July 3, 2020

‘We find strength in Christ’: Catholics from across archdiocese gather for chrism Mass delayed by pandemic

Dabrice Bartet, a member of St. Monica Parish in Indianapolis, carries an urn containing chrism oil during the June 29 celebration of the annual archdiocesan chrism Mass at SS. Peter and Paul Cathedral in Indianapolis. (Photo by Sean Gallagher)

Dabrice Bartet, a member of St. Monica Parish in Indianapolis, carries an urn containing chrism oil during the June 29 celebration of the annual archdiocesan chrism Mass at SS. Peter and Paul Cathedral in Indianapolis. (Photo by Sean Gallagher)

By Sean Gallagher

The coronavirus pandemic forced the suspension of the public celebration of the Mass and other sacraments in Indiana for 10 weeks this spring.

But the importance of the Church’s sacramental ministry—and its witness to Gospel values in a broken world marked by injustice—remained unchanged.

The steadfastness of the Church’s ministry in the face of a worldwide pandemic was displayed on June 29 in SS. Peter and Paul Cathedral in the celebration of the archdiocese’s annual chrism Mass, the liturgy in which priests renew their ordination promises and oils are blessed that are used in several sacraments and in the dedication of churches and altars.

In his homily during the Mass, Archbishop Charles C. Thompson said the liturgy was “a celebration of divine grace continuing to remain at work in our midst.”

Originally scheduled for April 7, the Tuesday of Holy Week, it was postponed because of the pandemic.

Measures were taken during the June 29 liturgy to protect against the spread of the virus. Facemasks were common in the congregation limited to priests and parish life coordinators serving in central and southern Indiana and representatives of deacons, seminarians, religious and lay Catholics of the archdiocese.

During the pandemic, Archbishop Thompson celebrated many liturgies in an empty cathedral for videos that were available for viewing online. At the start of the chrism Mass, he showed his happiness in seeing so many worshipers before him.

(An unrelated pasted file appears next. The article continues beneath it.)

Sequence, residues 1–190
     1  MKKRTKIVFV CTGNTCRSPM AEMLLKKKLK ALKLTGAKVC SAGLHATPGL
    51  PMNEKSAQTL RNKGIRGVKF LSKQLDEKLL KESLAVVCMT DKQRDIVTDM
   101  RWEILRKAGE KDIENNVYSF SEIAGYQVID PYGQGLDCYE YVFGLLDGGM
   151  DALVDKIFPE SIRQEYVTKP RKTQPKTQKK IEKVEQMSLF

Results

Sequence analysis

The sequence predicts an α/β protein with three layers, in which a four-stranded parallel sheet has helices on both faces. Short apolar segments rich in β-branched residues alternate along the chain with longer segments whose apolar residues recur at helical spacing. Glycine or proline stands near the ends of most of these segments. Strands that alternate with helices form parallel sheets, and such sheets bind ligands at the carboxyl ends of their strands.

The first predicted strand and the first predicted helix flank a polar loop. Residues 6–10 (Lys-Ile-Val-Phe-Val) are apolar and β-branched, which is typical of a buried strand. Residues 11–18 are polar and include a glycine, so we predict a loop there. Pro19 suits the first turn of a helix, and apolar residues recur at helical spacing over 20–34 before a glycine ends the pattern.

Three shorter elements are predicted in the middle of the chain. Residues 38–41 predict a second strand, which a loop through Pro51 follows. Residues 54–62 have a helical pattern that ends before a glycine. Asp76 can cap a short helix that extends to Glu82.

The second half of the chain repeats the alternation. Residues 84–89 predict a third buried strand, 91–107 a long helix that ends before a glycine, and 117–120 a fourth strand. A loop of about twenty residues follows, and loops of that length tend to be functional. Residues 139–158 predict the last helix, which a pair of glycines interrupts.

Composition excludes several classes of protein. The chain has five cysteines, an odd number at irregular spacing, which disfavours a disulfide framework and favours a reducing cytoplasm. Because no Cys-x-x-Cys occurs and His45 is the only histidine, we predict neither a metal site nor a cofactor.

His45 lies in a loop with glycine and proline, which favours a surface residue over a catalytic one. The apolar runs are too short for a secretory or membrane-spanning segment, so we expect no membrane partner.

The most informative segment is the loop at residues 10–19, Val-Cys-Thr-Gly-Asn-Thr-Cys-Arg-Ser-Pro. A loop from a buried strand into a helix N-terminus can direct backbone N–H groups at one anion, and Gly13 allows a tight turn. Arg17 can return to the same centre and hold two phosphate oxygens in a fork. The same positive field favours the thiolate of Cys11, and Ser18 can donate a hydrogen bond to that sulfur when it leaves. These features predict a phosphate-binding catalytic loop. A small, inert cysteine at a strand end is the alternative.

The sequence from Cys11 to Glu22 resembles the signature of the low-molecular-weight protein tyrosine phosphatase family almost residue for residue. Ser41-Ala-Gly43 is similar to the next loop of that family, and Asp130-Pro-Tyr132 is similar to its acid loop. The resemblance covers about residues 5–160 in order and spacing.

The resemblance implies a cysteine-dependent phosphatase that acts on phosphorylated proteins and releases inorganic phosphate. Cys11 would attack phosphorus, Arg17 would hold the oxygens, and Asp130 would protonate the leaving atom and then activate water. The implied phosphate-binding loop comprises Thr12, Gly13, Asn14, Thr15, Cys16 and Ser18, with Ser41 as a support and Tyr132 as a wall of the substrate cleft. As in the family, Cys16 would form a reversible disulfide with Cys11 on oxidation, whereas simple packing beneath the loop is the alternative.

“Even in your masks, you look wonderful,” he said with a smile.

In his homily, Archbishop Thompson praised the many Catholics across the archdiocese who, during the shutdown, were “present on the front lines through health care, nursing facilities, social outreach and sacramental ministries.”

Father Eric Augenstein, pastor of Nativity of Our Lord Jesus Christ Parish in Indianapolis, was one of a select group of priests in the archdiocese designated during the height of the pandemic to minister sacramentally to those in danger of death, including those who had tested positive for the coronavirus.

During the chrism Mass, he thought of the dying residents of a Greenwood nursing home hit especially hard by the virus for whom he celebrated the sacrament of the anointing of the sick while wearing personal protective equipment.

“When any of us are ordained, we don’t know where our ministry is going to take us,” Father Augenstein said after the chrism Mass. “We have ideas. We’re going to anoint people, celebrate the Mass, baptize people. But the direction of the world leads in ever-new ways.

“So, today, in renewing the promises and in blessing oils called to mind for me those times when I used oils in ways that I never would have imagined I would have, in the time of a pandemic when the Church and the world was shut down.”

The continuation of the Church’s ministry and his participation in it was a sign of hope for Father Augenstein.

“It reminded me how the Church, by God’s design and providence, is built for every age and circumstance, even the ones that we don’t anticipate,” he said. “When the time came for a worldwide pandemic that shut many things down, the Church had within herself the structure, prayers and rituals to be able to address that.”